Maldaner, Nicolai; Guhl, Susanne; Mielke, Dorothee; Musahl, Christian; Schmidt, Nils Ole; Wostrack, Maria; Rüfenacht, Daniel A; Vajkoczy, Peter; Dengler, Julius; Giant Intracranial Aneurysm Study Group
Changes in volume of giant intracranial aneurysms treated by surgical strategies other than direct clipping.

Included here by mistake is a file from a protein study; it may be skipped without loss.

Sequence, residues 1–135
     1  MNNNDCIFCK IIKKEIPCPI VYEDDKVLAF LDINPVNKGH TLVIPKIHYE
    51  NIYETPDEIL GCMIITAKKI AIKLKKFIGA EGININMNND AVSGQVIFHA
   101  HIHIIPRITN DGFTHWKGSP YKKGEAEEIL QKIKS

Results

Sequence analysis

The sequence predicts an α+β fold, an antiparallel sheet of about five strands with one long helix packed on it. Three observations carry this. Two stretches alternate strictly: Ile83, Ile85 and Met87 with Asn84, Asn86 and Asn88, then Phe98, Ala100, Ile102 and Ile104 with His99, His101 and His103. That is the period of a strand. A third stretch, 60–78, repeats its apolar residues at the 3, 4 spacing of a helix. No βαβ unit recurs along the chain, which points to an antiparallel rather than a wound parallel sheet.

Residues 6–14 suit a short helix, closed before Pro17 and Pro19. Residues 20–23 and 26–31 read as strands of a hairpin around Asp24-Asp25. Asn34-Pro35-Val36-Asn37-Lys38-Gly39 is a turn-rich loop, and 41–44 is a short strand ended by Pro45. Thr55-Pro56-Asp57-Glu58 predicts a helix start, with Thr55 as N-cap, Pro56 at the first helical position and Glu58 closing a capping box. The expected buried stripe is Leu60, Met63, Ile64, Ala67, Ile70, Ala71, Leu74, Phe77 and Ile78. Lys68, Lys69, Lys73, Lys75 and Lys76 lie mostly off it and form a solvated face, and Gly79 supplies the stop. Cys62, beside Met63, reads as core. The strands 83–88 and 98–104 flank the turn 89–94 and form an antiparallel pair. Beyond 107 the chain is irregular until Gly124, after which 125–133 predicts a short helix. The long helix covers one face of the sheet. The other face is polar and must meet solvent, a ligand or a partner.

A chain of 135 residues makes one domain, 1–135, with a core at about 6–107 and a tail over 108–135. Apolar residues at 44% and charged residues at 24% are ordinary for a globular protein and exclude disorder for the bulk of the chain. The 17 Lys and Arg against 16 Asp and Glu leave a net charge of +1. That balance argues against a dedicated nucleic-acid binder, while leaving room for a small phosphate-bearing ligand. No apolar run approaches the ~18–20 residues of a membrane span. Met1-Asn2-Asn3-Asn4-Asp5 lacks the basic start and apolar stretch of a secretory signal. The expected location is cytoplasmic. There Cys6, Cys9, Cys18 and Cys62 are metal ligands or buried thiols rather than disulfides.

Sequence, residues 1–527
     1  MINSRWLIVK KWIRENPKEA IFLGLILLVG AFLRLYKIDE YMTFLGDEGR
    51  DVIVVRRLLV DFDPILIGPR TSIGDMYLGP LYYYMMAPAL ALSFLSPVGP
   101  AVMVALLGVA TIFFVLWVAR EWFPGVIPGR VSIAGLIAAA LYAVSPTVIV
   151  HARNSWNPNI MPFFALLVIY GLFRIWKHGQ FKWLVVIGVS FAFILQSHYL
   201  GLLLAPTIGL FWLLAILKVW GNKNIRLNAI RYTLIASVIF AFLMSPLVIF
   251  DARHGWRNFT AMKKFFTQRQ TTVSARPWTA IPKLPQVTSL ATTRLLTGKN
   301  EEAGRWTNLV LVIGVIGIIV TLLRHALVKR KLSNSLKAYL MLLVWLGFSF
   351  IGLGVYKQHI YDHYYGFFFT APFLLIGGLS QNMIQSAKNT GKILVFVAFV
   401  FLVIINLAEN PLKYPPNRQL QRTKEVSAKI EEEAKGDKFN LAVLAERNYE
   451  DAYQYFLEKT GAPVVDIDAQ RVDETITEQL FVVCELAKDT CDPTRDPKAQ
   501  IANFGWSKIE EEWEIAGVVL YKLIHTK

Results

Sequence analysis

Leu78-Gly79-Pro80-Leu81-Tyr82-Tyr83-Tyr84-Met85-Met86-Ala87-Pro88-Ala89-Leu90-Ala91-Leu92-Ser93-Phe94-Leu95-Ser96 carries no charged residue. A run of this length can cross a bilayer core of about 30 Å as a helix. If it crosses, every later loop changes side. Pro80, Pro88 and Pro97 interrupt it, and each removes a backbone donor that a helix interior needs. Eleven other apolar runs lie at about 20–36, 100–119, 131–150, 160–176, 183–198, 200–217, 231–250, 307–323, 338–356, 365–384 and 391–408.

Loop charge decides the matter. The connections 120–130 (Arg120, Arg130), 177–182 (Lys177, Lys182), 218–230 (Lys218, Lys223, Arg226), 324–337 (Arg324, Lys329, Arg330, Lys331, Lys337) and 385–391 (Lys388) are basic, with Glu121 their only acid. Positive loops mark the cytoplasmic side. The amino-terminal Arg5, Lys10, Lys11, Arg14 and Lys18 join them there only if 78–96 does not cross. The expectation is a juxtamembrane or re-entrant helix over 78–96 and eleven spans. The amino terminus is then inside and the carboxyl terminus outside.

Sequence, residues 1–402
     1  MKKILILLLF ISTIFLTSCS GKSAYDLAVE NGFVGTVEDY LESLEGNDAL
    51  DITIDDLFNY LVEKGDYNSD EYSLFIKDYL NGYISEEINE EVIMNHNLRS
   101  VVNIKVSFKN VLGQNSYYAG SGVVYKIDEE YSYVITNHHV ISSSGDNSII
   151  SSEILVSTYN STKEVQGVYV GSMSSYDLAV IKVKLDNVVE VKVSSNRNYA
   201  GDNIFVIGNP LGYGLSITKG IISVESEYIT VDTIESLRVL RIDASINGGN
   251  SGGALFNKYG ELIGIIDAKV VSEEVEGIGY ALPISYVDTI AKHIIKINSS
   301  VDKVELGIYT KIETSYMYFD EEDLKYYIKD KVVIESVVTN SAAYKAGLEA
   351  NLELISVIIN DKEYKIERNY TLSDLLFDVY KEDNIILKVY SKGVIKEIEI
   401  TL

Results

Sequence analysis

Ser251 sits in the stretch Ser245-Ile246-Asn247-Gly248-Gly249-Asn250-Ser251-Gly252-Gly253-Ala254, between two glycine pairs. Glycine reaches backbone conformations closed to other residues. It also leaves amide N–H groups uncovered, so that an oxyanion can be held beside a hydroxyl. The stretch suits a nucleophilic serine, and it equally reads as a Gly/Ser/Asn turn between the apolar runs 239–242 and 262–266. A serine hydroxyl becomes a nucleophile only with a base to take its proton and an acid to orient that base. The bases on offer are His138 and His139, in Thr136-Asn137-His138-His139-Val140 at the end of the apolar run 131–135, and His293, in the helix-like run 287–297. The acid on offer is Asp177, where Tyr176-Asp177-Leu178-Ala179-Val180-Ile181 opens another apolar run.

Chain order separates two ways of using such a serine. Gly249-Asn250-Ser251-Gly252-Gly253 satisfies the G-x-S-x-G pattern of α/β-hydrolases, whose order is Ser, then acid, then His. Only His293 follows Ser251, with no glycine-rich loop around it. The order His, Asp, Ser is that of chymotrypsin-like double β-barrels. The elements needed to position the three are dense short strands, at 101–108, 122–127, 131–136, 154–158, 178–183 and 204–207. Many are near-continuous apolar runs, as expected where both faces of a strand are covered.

Giant intracranial aneurysms (GIA) are often not eligible for direct clip occlusion. Surgical alternatives include partial clip occlusion or the placement of a cerebrovascular bypass or the combination of both. These alternative indirect strategies are expected to lead to a decrease in GIA volume over time rather than instantaneously. To examine whether this is the case, we analyzed follow-up imaging results 1 year after surgery.We retrospectively screened the prospective GIA Registry's imaging database for anterior circulation GIA treated by surgical strategies other than direct clipping. We measured pre- and 1-year post-treatment GIA volume, lateral ventricle volume (LVV), and mid-line shift (MLS) in 19 cases.After a mean follow-up of 466 days (standard deviation ±171) GIA volumes decreased from 9.6 cm(3) (interquartile range (IQR) 6.1-14.1) to 4.3 cm(3) (IQR 2.9-5.7; p< 0.01). Ipsilateral LVV increased from 8.6 cm(3) (IQR 6.4-24.9) to 16.0 cm(3) (IQR 9.1-27.2; p< 0.01) while contralateral LVV increased from 10.3 cm(3) (IQR 7.3-20.1) to 11.7 cm(3) (IQR 8.2-19.4; p = 0.02). MLS changed from 0.1 mm (IQR -1.9 to 2.0) to -0.9 mm (IQR -1.8 to 0.4; p = 0.03). The decrease in GIA volume correlated with the increase in ipsilateral LVV (rs = 0.60; p = 0.01) but not with the changes in MLS (rs = 0.41; p = 0.08).In our patient cohort, surgical strategies other that direct clipping for the treatment of anterior circulation GIA lead to a significant decrease in GIA volume over time. The resulting decrease in mass effect was more sensitively monitored by the measurement of changes in ipsilateral LVV than changes in MLS.http://www.clinicaltrials.gov . Unique identifier: NCT02066493.